Another aspect of Obie’s ASD is the repetition of sounds. We first noticed his vocalizations about a year ago. He would make a fun little dee deet sound whenever he was concentrating. We enjoyed it and would sometimes join in, which would always make his face light up!
Traditionally this is called stimming, or self stimulation. I’m only the parent, so I can only speak from my perspective, but he seems to do this most when he is hyper concentrating or just before frustration, and a handful of times I have associated it with boredom.
It started as dee deet, went to a louder version of this, and progressed, for a short time, to gulping air and burping, which always made interactions outside of our family very interesting 😬😂
When we began therapy through the state I began to read more about this behavior and it occurred to me that they may attempt to discourage it. This is the hardest part about his ASD and one that I struggle with mightily. To be clear, I don’t care about the noises and vocalizations; he just did a series of dee deets today, which had gone absent for weeks, and I was glad to have them back. It’s like when parents love hearing pasghetti until it turns into spaghetti, and they reminisce about the cute way they used to say it!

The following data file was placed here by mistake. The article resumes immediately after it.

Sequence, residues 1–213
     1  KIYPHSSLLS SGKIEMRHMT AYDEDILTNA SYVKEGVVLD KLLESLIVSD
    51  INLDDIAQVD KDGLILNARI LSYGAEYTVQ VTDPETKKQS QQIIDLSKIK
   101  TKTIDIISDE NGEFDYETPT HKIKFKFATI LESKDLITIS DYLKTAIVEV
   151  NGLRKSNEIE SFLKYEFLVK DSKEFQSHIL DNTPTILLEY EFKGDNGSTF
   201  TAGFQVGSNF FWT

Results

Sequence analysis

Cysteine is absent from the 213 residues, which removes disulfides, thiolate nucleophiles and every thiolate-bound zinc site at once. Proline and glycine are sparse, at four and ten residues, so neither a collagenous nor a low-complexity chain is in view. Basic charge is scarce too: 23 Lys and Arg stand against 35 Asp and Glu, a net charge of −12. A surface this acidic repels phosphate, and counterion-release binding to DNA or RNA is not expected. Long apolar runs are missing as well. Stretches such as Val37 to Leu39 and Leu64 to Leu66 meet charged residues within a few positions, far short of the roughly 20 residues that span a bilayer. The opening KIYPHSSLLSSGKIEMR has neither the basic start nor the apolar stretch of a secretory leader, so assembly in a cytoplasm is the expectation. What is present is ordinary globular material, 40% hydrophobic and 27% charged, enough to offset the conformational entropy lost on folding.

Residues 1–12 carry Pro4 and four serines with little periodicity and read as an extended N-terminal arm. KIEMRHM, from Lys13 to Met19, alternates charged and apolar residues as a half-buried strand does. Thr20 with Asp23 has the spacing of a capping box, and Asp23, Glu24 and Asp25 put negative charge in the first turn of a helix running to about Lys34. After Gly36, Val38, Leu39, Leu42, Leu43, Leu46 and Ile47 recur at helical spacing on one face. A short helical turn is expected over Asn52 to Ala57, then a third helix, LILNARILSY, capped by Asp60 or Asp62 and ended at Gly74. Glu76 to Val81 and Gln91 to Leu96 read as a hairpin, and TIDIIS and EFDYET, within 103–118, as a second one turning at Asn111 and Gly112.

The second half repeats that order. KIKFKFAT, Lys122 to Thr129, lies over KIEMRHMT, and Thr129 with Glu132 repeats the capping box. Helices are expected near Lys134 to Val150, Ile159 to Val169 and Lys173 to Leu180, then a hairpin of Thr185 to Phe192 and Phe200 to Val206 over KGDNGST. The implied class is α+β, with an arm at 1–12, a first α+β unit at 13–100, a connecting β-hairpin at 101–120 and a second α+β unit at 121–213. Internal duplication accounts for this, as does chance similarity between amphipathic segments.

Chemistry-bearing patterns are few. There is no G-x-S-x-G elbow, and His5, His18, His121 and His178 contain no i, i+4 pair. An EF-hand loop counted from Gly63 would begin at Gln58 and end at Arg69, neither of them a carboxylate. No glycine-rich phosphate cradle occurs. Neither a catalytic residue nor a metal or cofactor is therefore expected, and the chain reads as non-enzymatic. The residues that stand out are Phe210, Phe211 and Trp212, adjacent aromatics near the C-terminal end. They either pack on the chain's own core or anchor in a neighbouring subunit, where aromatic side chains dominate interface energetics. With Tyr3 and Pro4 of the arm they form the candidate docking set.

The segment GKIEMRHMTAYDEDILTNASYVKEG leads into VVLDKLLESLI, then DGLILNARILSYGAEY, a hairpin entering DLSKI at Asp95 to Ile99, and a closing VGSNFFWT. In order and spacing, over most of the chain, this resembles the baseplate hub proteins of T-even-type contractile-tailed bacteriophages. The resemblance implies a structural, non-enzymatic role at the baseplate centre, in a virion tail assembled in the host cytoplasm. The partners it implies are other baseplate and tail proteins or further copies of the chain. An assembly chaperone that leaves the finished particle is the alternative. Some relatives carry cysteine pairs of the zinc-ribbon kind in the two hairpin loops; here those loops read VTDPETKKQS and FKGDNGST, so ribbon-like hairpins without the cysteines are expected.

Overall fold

Anyway, it seems that the focus is on changing behaviors to make him more socially palatable. The dee deet, bah ah dah, and belches make him kind of stand out. So the effort, time, practice, and therapy focuses on eliminating it.
But hang on one hot second- why focus so much on how his behavior impacts those around us? What if his only self-regulating tool is discouraged, or worse, he’s taught to do it privately so as not to draw attention to himself. As if it is something to be ashamed of.
In my former life I used to be a classroom teacher, so I can empathize with the argument that, for educational purposes, a vocal stim may cause hardships in the classroom. However, I would argue that it should be used to teach students acceptance. What a learning opportunity that could go great lengths to changing the culture, so we don’t have to change our children.
Wouldn’t it be amazing that if instead of seeing autism as something broken that needed to be fixed, that we approached it as a way to see life from a different perspective?